The Bottom Line
- Full color pictures and examples
- Jumps right into the complexities of CSS
- Interesting tips throughout the book add to the content
- Covers CSS 2 and 1 properties all together
- The examples sometimes overwhelm the page
- Explanation of the ID selector is slightly off
- Doesn't use semantic HTML
- The first section covers dealing with fonts and text and the basics of CSS and the box model.
- Chapter 5 covers positioning elements with CSS.
- Chapter 6 gives some sample CSS layouts.
- The third section covers lists, tables, forms and hyperlinks - each in a separate chapter.
- Chapter 11 goes over how to test your designs and validate them.
- Chapter 12 explains how to create style sheets for print and other media.
- There is an appendix of CSS properties and values as well as a glossary.
Guide Review - CSS for Web Designers Only by Donna L. Baker
When I first picked up this book, I was really excited. The paper is nice and thick, so when I write in the pages the ink doesn't seep through and I can make notes or add flags easily. The color photos and images make the book visually very enticing.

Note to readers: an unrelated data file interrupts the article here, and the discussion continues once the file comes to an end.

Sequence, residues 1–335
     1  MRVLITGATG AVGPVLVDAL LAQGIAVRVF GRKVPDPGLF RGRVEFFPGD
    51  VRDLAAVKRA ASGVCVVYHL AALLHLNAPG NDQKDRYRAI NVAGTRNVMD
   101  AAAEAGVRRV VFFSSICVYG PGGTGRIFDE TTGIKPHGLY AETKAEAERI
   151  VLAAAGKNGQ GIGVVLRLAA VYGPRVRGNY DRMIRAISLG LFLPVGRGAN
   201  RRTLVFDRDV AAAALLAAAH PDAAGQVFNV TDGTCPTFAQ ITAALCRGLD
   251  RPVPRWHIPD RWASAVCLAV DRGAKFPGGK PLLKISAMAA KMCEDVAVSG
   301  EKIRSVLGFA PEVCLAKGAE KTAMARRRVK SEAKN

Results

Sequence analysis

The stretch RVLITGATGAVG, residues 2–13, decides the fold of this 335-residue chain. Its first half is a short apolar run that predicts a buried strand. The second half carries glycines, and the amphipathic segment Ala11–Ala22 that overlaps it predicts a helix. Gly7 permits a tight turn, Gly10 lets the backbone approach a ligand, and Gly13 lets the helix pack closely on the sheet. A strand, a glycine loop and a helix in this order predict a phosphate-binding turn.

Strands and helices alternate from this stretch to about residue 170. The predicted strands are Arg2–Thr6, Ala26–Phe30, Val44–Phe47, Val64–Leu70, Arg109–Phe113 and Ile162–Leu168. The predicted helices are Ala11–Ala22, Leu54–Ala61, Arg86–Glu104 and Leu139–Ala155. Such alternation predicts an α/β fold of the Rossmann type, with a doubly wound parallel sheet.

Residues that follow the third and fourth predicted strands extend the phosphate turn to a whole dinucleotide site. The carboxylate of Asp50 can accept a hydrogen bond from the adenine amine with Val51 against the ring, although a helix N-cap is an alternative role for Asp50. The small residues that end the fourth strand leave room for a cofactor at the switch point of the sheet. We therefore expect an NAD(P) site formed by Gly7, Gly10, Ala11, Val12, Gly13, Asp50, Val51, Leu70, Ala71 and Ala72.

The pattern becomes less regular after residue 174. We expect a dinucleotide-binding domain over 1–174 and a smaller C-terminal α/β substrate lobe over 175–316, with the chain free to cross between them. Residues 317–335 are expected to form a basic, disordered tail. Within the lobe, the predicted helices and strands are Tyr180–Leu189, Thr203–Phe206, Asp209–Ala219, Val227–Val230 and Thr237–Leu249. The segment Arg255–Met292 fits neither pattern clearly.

But then I started reading it and I got a little disappointed. Don't get me wrong, this is a good book on CSS, but even with the color photos and thick paper, it doesn't measure up to a CSS Definitive Guide or The Zen of CSS. This is mostly because of the design of the book itself. Maybe it's the way I think, but I found myself getting distracted by the pictures. I would lose my place in the text and forget what I was trying to read about. I got frustrated several times when she would show me a really nice picture of something done in CSS, but not give me the code to actually do it (or if it was there, I got distracted before I saw it again).
I also really didn't like how she described the ID selector in the first chapter. Nothing she said was exactly incorrect, but she left out one of the most important parts - that the ID selector must be unique on a page. The first sentence describing the ID selector says "With the id selector you can define the same style for different HTML elements using a single rule." This is true, but the way it's worded doesn't mention that those different elements must be on different Web pages. It's like she intended to explain class selectors and used ID by mistake. If this is a typo, it's a pretty serious one.
One thing I really liked were the "Pro Tips" scattered throughout the book. I ended up skimming through the whole book a second time just reading those specifically. You can open the book up almost anywhere and find a tip, and they all have good information.